1) America’s mistakes in the ‘forever war’

GS 2- IR

Context: US administration has set the September 11 deadline for all American troops to leave Afghanistan, winding up 20 years of the invasion by the United States.

What’s the matter?

  • US Administration to leave Afghanistan after 20 years war.
  • The peace talks between the Afghan government and the Taliban that started in Doha last year have been frozen for months.
  • The bid by the U.S. to hold a summit in Istanbul between the warring parties has been a non-starter. On the ground, the Taliban are making steady advances.
  • the Taliban have seized eight districts in four different regions. At least six provisional capitals, including Kabul, Lashkar Gah (Helmand) and Kandahar.
  • As of now, about 22% of Afghanistan’s 398 districts are in the Taliban’s control and 24% with the government, while more than half of the country’s territories are contested.

A neocon war

  • The longest war in America’s history is also turning out to be one of its most disastrous.
  •  Terrorist networks, which the U.S. vowed to destroy when it launched its global war on terror in Afghanistan, are now scattered across Asia and Africa.
  • The U.S. made three fundamental mistakes, which led to the superpower’s humiliating exit from this clichéd ‘graveyard of empires’.
  • First, the U.S. went into Afghanistan without learning anything from the country’s history, or was blindsided by the unipolar hubris.
  • Once they invaded Afghanistan, the U.S., given the mistakes the British and the Soviets committed, could have had a strategically focused campaign, targeting its enemy, al-Qaeda, which was behind the September 11 attacks.
  • It should have gone after the terrorists, destroyed their networks and then withdrawn.
  •  U.S. administration, had set more ambitious goals for itself. It wanted to topple the Taliban and rebuild a centralised “democratic” state in Afghanistan.
  • Now, the U.S. is retreating, practically leaving Afghanistan to the mercy of the Taliban, in return for assurances from them that they would not assist the terrorists such as al-Qaeda and the Islamic State.

Strategic failure

  • After the Taliban regime was toppled and al-Qaeda driven back into the caves and mountains, the U.S. still had a chance to stabilise the country with help from its different factions and leave.
  • The Taliban sought modest terms — Mullah Omar, their leader, should be allowed to return home. But the Americans rejected the offer and promised to destroy the Taliban in every corner of the country.
  • The Taliban are an indigenous militancy with deep roots in Afghanistan’s Pashtun majority. Toppling them from power was easy, but defeating them in their country was not.
  • And after vowing to defeat them, the U.S. launched the Iraq invasion to topple Saddam Hussein and export democracy there. This was the second mistake.
  • The U.S. took Pakistan’s tactical support for its war on terror for granted, overlooking the fact that Pakistan had deep strategic ties with the Taliban.
  • Pakistan played a double game by supporting the U.S. campaign in Afghanistan while at the same time offering refuge and support to the Taliban.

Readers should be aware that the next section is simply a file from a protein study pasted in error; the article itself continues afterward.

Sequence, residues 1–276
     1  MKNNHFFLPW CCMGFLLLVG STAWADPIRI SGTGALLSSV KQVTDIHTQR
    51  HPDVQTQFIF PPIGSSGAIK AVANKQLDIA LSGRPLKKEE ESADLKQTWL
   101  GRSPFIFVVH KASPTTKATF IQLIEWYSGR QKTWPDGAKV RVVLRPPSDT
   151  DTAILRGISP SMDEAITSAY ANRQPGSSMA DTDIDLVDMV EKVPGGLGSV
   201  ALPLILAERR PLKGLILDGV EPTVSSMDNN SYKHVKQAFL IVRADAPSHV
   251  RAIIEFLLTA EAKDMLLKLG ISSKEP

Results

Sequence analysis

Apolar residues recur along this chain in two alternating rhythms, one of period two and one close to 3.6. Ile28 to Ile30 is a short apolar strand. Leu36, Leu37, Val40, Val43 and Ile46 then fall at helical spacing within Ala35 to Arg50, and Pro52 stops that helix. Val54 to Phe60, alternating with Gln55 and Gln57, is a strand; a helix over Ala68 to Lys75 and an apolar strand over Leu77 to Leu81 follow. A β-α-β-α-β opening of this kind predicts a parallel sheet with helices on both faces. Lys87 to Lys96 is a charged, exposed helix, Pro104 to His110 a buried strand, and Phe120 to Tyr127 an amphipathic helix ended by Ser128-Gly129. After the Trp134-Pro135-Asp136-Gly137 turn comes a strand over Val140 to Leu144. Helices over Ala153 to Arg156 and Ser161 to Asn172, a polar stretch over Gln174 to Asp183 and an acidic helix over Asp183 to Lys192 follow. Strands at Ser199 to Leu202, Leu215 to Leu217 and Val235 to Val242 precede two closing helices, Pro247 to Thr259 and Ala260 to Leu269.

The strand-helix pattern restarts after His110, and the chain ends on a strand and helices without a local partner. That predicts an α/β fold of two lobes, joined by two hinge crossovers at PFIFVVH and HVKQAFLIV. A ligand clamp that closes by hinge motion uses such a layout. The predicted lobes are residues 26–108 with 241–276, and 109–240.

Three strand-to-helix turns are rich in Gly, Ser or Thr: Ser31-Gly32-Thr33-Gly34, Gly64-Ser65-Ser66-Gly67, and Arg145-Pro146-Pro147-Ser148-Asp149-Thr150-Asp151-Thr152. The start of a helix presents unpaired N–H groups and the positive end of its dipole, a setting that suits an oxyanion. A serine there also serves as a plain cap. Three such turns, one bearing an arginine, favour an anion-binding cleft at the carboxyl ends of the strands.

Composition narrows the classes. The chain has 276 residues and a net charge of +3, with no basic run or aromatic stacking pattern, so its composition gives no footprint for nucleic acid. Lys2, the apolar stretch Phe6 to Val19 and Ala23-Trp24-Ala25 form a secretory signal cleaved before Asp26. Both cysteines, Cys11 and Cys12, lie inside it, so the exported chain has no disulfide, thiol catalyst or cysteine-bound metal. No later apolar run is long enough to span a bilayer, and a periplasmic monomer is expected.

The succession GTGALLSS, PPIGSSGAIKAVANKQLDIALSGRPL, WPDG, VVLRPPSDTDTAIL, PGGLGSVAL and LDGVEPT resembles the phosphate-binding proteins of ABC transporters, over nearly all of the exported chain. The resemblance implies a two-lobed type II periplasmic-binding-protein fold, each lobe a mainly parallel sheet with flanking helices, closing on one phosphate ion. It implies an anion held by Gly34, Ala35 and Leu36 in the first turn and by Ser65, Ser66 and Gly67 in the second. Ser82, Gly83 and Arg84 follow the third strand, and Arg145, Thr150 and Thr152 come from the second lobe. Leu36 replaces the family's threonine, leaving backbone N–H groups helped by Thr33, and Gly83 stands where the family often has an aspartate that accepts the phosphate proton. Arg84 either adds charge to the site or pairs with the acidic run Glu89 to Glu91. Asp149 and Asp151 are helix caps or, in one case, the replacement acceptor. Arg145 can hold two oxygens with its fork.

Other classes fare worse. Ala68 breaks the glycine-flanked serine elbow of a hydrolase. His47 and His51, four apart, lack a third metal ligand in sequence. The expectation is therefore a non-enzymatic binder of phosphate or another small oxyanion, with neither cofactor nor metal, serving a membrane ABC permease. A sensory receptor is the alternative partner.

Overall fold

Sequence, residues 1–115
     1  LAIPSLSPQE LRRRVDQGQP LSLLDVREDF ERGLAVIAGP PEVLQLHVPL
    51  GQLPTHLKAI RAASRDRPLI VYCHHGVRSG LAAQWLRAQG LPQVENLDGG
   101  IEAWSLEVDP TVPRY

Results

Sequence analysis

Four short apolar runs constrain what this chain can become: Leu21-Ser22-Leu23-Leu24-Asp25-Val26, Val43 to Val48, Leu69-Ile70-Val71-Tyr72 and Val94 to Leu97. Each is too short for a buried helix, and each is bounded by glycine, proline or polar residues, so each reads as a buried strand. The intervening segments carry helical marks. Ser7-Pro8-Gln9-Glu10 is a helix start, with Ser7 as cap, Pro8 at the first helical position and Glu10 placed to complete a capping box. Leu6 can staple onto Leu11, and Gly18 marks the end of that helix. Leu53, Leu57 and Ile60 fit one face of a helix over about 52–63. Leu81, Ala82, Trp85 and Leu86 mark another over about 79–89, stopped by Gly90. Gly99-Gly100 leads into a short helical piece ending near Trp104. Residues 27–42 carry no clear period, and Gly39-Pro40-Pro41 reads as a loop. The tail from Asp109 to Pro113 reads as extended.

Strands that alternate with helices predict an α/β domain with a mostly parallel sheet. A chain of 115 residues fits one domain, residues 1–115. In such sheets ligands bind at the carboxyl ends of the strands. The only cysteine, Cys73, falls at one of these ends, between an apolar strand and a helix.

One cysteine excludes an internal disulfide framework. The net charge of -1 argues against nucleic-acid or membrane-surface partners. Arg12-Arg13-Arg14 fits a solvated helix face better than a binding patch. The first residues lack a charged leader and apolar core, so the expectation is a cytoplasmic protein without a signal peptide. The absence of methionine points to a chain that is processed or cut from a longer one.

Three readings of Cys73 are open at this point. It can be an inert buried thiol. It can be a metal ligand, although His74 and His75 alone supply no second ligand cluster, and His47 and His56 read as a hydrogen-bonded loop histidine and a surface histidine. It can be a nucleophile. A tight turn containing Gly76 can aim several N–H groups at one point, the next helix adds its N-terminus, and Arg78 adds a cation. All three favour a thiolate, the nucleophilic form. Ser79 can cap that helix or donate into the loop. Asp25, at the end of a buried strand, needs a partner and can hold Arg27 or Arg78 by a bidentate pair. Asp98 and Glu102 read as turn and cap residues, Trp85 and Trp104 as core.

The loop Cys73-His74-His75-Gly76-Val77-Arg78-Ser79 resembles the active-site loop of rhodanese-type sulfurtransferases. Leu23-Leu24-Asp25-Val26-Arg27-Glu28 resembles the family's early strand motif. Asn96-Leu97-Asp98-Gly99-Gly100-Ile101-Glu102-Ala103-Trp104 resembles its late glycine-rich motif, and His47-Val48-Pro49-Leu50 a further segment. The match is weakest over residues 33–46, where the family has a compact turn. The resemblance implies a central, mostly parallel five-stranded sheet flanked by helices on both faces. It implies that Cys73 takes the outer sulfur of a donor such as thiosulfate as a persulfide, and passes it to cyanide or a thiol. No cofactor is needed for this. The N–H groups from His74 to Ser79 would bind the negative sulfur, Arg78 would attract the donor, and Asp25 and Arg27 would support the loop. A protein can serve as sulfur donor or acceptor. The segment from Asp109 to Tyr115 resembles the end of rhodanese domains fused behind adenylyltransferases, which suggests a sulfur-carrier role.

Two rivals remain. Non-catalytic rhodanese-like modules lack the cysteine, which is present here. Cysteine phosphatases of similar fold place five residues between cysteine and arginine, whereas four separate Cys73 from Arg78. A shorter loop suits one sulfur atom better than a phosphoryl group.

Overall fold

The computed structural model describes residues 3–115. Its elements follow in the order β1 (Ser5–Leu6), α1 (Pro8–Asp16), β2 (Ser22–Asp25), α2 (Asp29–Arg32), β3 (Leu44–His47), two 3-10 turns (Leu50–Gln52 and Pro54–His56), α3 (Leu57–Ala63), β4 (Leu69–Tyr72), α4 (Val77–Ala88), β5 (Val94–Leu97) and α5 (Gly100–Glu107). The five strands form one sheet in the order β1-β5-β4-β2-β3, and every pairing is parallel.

• By the time the U.S. shifted its focus back to Afghanistan, after defeating the Islamic State in Iraq and Syria and amid growing calls at home to end the “endless wars”, the Afghan war had already been lost.

Surrender to the Taliban

  •  It seems to have reached the conclusion long ago that the war was one that could not be turned around.
  • The war was also becoming increasingly unpopular at home, prompting Presidents, from Barack Obama to Donald Trump and Joe Biden, to promise to wind it up.
  • he U.S. has also been shifting its focus to East Asia where China is rising. And given the foreign policy challenges the U.S. is facing now elsewhere, continuing troops and commitments in Afghanistan makes little sense.
  • But the U.S. could have opted for a more orderly withdrawal. Instead, it surrendered to the Taliban’s terms to pull back its troops. This was the third mistake.
  • The Taliban have not defeated the Afghan troops yet.
  • The government still controls most of the country’s population centres. The Taliban’s efforts to take over provincial capitals were successfully thwarted in the recent past.
  •  US administration went for talks with the Taliban on their terms. The Afghan government was kept out of the whole process because the Taliban do not recognise them as being legitimate.
  • And the U.S. struck a direct deal with the Taliban, without addressing any of the Afghan concerns.


  • The American exit would now decisively shift the balance of power in favour of the Taliban.
  • The insurgents have always known this. They have stepped up attacks and carried out targeted killings aimed at weakening the Afghan government and terrorising society immediately after signing the agreement with the U.S. in February 2020.
  • And ever since the remaining U.S. troops started pulling back from Afghanistan on May 1, the Taliban have started capturing more territories.
  • The war may be winding down for the Americans. But for Afghans, it will continue in one form or another.


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